I am not one of the Sevendust faithful, so to speak. I don’t watch the calendar and count the days until the Georgian metal band’s next release. However, when I read Lou Brutus’s praise for All I See Is War, I knew I needed to check it out.

I was not disappointed. Though I found the first two tracks — “Dirty” and “Risen” — to be par for the course, there is something about the album as a whole that really appealed to me. The latter half, in particular, really jumps out.

I have always appreciated Lajon Witherspoon and company’s lack of fear when it comes to showing a softer side to their typically hard-hitting music (“Skeleton Song,” anyone?). Needless to say, the melodic heaviness and gorgeous crooning on tracks such as “Descend,” “Moments,” and “Life Deceives You” were the highlights for me.

All I See Is War has the staples that Sevendust fans have loved for the last two decades. Add in the time-relevant lyrics and the ratio of melancholy, ruthless, and groove-driven, and you get a record that is a must for any music collection.

As a side note, I would like to say that I don’t even have the words to describe “Not Original.” Lajon’s vocal delivery is worthy of chills, and the guitar work from Clint Lowery and John Connolly carry the soulful performance to new heights. It is definitely my favorite song on the album.

Overall, I would give All I See Is War 4/5 stars. A balance of old and new, there are plenty of interesting elements here that make me excited for the future of Sevendust.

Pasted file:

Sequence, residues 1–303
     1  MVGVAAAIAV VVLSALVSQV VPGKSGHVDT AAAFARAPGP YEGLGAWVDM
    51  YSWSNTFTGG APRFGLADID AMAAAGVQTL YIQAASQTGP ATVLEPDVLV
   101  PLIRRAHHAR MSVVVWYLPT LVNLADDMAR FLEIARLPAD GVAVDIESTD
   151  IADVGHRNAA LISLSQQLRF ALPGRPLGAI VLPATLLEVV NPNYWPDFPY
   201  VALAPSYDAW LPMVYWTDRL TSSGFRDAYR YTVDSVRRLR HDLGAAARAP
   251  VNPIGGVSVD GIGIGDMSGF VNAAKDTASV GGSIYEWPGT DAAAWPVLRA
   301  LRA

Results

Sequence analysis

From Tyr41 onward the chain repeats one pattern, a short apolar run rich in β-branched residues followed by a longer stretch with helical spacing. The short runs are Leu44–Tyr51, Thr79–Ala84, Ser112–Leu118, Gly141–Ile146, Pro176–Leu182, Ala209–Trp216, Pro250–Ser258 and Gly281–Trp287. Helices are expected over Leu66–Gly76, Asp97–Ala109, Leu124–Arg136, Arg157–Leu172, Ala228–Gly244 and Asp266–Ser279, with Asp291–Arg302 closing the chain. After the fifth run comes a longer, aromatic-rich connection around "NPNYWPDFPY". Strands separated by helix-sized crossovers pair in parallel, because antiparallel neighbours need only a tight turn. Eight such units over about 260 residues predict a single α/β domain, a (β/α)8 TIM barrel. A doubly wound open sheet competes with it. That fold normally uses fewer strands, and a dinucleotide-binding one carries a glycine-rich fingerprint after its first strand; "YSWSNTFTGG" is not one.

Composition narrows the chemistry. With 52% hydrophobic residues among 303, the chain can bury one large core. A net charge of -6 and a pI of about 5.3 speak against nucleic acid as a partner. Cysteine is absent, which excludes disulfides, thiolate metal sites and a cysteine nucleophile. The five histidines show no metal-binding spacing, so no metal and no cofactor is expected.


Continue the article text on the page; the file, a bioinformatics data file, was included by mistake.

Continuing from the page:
Album Review: Almost Kings’ Forever This Time


Band: Almost Kings

Album: Forever This Time

Genre: Rap/rock

Release date: August 25, 2017

Standout tracks: “Better Than This,” “OMG,” “Closer to You,” and “Bad One”

I never know what to expect from Almost Kings, and that may hold true more for this album than any of their others. After a few lineup changes, including the addition of a second rapper and a DJ, there was no way to anticipate how Forever This Time would sound. Every record Almost Kings has released has been different from its predecessor, but what direction would they take with only two of the original members left?

Well, I’ll tell you. There is not a single dull moment on this album. In the opening track, “With Force,” the listener immediately receives an introduction to Jude Buckingham, who lends his own brand of rap to Bozeman’s smooth flow. There is also a shining example of what DJ Breezus Khrist can do.

And the formalities end there.

Almost Kings storms in at the top of their game, and they don’t slow down until Bozeman’s promise at the very end of the record: “We ain’t leavin’.”

The band stays true to its interesting blend of rap and rock with songs such as “Envy and Enemies,” “Forever This Time,” and “Where It All Ends.” The rock edge is heavier than ever, the subject matter matching the vibe, tending towards rising above your enemies and the realization of our own mortality.